After the Central Student Judiciary ruled the Michigan Student Assembly-led Constitutional Convention unconstitutional, the leaders of the former convention and 20 of its members formed a student group to continue the convention’s efforts to amend the campus-wide constitution.

On Sept. 29, MSA created the Constitutional Convention in hopes of amending the student constitution, but CSJ ruled on Nov. 23 that the convention’s participants were not properly elected.

Students interested in the original convention submitted applications to MSA President Abhishek Mahanti, who then selected about 40 applicants and presented their names to the assembly for approval. CSJ ruled that this process did not constitute an election as required by the constitution and ordered the Constitutional Convention be disbanded.

Immediately after the trial, members of the former convention mobilized to create the student group Students for Progressive Governance to continue the effort to revise the constitution.

Amendments can be added to a student-wide ballot one of three ways: by a duly created constitutional convention, a two-thirds majority vote by MSA, or by an individual student or student group with 1,000 student signatures in support of the changes.

About 20 members of the former Constitutional Convention have expressed interest in the student group, according to MSA Vice President Mike Rorro, former chair of the convention.

MSA Student General Counsel Jim Brusstar, former convention secretary, and MSA Rules and Elections Committee Chair Michael Benson, former convention vice chair, will also be involved in the new student group.

Rorro said that although many of the student group members are former convention members, and the group retains the same leadership, this student group is distinctly different.

“It’s not the same thing, even though there are some of the same people involved in it, we recognize that, we’re not trying to hide that,” Rorro said. “We’re not trying to seclude ourselves within the same group of people and continue work by limiting people.”

Former MSA Rep. Tim Hull disagrees. Hull said the involvement of MSA executive board members in the student group makes it hard to believe the group is really separate from MSA.

“MSA execs are participating in it and I feel, (though) that might be permissible under the Constitution, the circumstances behind the formation of this group make it hard to confer legitimacy,” Hull said.

Rorro said the group acknowledges that there are members who also serve on MSA, but since the attempt to amend the constitution through a body connected to MSA failed, forming a student group is the best option.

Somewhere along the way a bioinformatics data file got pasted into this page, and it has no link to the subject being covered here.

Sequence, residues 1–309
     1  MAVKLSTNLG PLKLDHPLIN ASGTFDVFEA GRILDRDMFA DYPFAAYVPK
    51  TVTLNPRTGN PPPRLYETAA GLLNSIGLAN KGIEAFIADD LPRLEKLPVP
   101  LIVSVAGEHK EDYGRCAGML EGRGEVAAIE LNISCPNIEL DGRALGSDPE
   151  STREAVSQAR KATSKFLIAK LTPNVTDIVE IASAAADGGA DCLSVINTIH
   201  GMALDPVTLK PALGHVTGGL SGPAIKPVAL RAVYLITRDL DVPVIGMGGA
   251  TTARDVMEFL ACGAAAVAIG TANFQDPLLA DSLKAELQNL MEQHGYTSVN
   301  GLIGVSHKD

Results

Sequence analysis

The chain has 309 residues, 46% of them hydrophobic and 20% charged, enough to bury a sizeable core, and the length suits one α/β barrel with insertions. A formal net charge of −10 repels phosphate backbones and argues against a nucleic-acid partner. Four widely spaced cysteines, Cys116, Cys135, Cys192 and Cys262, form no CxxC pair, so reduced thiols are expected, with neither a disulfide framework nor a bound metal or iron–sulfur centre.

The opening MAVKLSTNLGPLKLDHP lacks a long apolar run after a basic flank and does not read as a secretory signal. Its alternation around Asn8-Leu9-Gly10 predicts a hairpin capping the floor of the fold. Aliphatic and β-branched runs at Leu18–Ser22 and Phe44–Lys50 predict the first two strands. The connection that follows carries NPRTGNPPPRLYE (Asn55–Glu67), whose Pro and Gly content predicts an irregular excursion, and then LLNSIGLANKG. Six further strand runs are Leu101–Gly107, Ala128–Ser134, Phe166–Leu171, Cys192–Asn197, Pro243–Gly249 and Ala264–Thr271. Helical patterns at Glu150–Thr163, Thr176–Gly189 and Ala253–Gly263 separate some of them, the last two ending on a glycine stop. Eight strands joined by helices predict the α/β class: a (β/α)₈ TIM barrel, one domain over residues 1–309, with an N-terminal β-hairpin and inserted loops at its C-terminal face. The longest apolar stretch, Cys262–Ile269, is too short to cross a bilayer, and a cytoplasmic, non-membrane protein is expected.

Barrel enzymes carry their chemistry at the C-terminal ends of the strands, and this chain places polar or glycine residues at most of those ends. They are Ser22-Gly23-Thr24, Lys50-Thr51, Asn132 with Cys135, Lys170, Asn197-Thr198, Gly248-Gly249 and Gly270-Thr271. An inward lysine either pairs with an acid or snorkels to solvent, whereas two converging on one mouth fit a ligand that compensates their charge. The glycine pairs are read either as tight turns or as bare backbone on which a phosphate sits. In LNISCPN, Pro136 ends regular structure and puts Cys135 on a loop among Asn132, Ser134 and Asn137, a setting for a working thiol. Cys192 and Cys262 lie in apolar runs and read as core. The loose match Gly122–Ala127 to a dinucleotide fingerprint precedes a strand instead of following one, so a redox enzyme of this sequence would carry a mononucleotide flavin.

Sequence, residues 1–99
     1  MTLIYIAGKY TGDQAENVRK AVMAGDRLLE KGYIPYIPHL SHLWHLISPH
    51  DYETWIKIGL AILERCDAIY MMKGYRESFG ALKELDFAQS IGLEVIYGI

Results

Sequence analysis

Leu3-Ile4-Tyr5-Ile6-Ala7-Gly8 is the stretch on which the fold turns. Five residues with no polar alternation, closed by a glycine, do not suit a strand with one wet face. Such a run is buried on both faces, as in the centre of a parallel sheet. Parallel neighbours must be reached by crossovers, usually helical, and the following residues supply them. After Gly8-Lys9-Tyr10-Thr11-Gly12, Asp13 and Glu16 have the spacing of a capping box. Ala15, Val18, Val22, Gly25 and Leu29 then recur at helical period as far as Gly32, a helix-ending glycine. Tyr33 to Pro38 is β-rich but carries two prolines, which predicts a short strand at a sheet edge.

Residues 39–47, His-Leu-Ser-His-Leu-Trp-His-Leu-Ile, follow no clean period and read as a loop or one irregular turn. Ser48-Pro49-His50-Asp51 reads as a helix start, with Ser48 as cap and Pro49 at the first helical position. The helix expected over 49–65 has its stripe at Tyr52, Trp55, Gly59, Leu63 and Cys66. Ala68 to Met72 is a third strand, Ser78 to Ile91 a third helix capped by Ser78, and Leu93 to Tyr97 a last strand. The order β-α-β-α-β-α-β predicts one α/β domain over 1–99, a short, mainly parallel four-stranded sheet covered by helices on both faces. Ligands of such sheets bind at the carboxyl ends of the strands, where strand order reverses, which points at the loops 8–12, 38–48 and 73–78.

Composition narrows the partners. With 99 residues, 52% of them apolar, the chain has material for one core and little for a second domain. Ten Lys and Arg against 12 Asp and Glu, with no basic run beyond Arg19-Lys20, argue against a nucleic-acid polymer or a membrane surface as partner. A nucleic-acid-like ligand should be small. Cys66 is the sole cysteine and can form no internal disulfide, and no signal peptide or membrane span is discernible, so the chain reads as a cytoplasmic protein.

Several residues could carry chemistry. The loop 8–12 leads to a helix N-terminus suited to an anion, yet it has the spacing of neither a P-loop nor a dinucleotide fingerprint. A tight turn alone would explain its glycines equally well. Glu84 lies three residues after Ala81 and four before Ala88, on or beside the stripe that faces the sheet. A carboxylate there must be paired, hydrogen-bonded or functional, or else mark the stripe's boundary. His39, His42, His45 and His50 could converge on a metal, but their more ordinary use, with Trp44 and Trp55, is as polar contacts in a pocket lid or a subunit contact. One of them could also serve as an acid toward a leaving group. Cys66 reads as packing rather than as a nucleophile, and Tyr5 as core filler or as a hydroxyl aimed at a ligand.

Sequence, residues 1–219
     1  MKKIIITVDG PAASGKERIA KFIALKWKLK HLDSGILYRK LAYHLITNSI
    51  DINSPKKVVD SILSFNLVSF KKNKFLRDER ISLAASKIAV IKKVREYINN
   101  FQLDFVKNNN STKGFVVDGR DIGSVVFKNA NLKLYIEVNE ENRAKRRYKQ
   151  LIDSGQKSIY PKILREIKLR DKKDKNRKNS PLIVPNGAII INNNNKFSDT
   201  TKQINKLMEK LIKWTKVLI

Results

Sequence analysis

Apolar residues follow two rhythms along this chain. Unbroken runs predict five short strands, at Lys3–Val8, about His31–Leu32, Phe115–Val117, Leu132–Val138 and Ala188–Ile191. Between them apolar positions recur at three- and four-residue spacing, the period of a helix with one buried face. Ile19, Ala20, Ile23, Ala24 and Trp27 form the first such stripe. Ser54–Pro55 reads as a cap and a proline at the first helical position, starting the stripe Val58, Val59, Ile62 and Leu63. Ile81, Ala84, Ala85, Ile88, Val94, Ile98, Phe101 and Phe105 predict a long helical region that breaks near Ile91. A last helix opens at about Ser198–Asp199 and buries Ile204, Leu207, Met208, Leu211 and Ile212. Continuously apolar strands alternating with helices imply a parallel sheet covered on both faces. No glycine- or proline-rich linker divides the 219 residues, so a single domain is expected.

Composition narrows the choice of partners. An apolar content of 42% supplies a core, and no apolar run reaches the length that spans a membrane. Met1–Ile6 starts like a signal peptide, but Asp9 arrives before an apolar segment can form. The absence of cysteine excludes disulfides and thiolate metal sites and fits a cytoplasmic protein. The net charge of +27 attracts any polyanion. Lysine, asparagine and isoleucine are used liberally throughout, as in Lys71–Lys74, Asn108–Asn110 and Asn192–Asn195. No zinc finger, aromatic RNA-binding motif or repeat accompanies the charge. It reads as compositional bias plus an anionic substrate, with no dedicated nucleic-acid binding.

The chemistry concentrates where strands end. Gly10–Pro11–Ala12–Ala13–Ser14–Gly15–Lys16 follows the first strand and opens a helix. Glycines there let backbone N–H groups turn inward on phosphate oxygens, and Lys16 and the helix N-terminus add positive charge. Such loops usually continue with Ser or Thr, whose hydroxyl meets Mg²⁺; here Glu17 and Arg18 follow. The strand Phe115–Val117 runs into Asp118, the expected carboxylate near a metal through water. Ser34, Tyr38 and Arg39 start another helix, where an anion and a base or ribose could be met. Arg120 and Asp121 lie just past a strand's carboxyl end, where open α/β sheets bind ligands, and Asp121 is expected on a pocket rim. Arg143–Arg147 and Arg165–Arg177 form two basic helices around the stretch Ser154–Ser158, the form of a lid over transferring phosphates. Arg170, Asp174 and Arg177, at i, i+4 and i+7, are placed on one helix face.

“We ran for student government to fix things and to make it a better University and unfortunately we couldn’t do that through the MSA’s procedure, because it’s not well-defined and it continues to not be well-defined,” Rorro said.

According to the group leaders, one of the goals of the revisions will be to clarify the procedures within the constitution that the convention violated.

“We attempted to work within the process and were unable to,” Benson said. “One of the reasons we’re trying to change this document is to make it so things are easier, (so) it’s clear.”

To become a member of the student group, a student must be nominated by a current member and then garner a majority vote of the group. Rorro said this process makes it much easier to join the group than it was to be a part of the convention.

Rorro said that because the student group will need 1,000 signatures before the document goes up for a student-wide vote, the process is valid, even with MSA members in the student group.

“It’s not an undemocratic process,” Rorro said, “because it might be a small group making the changes, but we’re having everyone look it over and finally every student that votes in the election is going to have a say in that.”

Brusstar said amending the constitution through a non-MSA affiliated student group is better than through a Constitutional Convention because the group is more open to the student body.

Hull said he thinks MSA should amend the constitution internally, possibly by creating a select committee to propose changes and then gain a two-thirds vote of the assembly to add them to the ballot.

Rorro said he thinks the process of amending the constitution will be most effective if it is somewhat separated from MSA. He said it’s hard for MSA representatives to support large changes to a governmental system they are central to.

“The inherent ability to challenge the status quo effectively is not there when you have only people that work within the system,” he said.

The student group must submit their completed petition to the CSJ five weeks before the election, which will take place sometime in March. Rorro said the group is planning to acquire the necessary signatures the week before spring break.

Rorro said he plans to hold town hall-style meetings and talk to student groups to get the 1,000 signatures.

Though the former Constitutional Convention had been meeting for about two months before CSJ ordered the meetings to cease, Brusstar said the convention got “bogged down” in procedure and was not very efficient.

Rorro said that in the past week the student group seems to be making faster progress.

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